The water was cold and contrasting with the overwhelming (to me) surprise of Monday's heat, and I enjoyed being able to sit on a stone in the center of the creek, surounded by water on all sides, and look for frogs or minnows in its slower parts. I didn't find any, though. I guessed that this might have been because of the conditions of the creek area which, again, weren't very good. In result, my individual ramble was a time of pastoral reflections shadowed by the real, ecological concerns of litter and irresponsible human behavior. I don't think I did much connecting in result, but I do think my experience was important.
Today, at the ever-surprising space that is my observation spot, there is melted plastic covering a lot of the steps. Tuesday night, while walking out of Erdman, I saw a small fire inside the circle. I didn't react to it because I could hear people around it and they did not seem concerned. Maybe they were burning some particularly nasty graded assignment or conducting an experiment or getting rid of a bad memory. I don't know. I guess I figured they must have had a reason.
My hometown recently released a magazine called "Grown." This is a town in which the class differences are extremely visible and most of the people that live here year-round are not really part of the higher ones, but most everything caters to the wealthy tourists and summer home owners. This magazine, apparently, caters to them, too. It discussed summer programs for high school students at sea, fundraisers for health food stores and local eating, and information about how to make a summer house more "green." No options were given to the many residents of the town that cannot afford these things. The wealthier members of Western society are given in forms like this easy ways to be environmentally-friendly and connect to the Earth, while the less wealthy are not. The less wealthy that do not happen to live in tourist towns with rich plant life do not even have the opportunity to.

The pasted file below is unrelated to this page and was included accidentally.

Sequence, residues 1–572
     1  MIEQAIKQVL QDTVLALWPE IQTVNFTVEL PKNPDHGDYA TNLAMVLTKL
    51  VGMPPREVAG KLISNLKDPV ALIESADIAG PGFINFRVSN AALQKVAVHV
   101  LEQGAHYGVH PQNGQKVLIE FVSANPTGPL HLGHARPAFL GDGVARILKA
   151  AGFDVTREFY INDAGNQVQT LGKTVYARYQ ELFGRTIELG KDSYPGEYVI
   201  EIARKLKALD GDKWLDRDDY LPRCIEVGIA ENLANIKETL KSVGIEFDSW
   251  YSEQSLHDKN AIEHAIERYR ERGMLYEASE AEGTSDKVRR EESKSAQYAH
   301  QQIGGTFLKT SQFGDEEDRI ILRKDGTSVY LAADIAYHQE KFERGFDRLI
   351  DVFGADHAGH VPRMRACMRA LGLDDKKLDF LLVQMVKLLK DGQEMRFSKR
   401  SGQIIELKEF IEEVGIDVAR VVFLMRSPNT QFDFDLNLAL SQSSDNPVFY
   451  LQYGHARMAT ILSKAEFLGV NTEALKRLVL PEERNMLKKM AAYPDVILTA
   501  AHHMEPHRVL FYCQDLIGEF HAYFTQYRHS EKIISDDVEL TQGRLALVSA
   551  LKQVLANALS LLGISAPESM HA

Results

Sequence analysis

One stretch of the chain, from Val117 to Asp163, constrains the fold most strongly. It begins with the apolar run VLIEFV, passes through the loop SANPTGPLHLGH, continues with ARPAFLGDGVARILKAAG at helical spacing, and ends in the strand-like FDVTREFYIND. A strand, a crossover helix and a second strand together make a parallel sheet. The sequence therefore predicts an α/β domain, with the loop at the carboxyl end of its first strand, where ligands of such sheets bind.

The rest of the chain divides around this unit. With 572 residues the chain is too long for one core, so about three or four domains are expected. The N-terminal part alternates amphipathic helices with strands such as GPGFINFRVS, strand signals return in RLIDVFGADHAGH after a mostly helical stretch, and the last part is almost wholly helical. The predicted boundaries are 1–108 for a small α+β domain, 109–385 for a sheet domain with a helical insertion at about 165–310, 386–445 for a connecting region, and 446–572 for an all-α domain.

After Monday's trip to Morris Woods, I have starting noticing more plants that seem to be invasive or are clearly taking over with no natural enemy. Because of this, when I got to my spot, I realized that I had never actually noticed the English Ivy. Looking now, it is probably one of the stone circle's most noticeable attributes and I am kind of confused as to why I simply looked over it. This place is such a mess of different plants that I assumed that all of the green vines were parts of various ones, but after paying attention to the Ivy in Morris Woods and thinking about how it clearly does not belong there, the vines in the circle seem more noticeable, prominent, and out of place.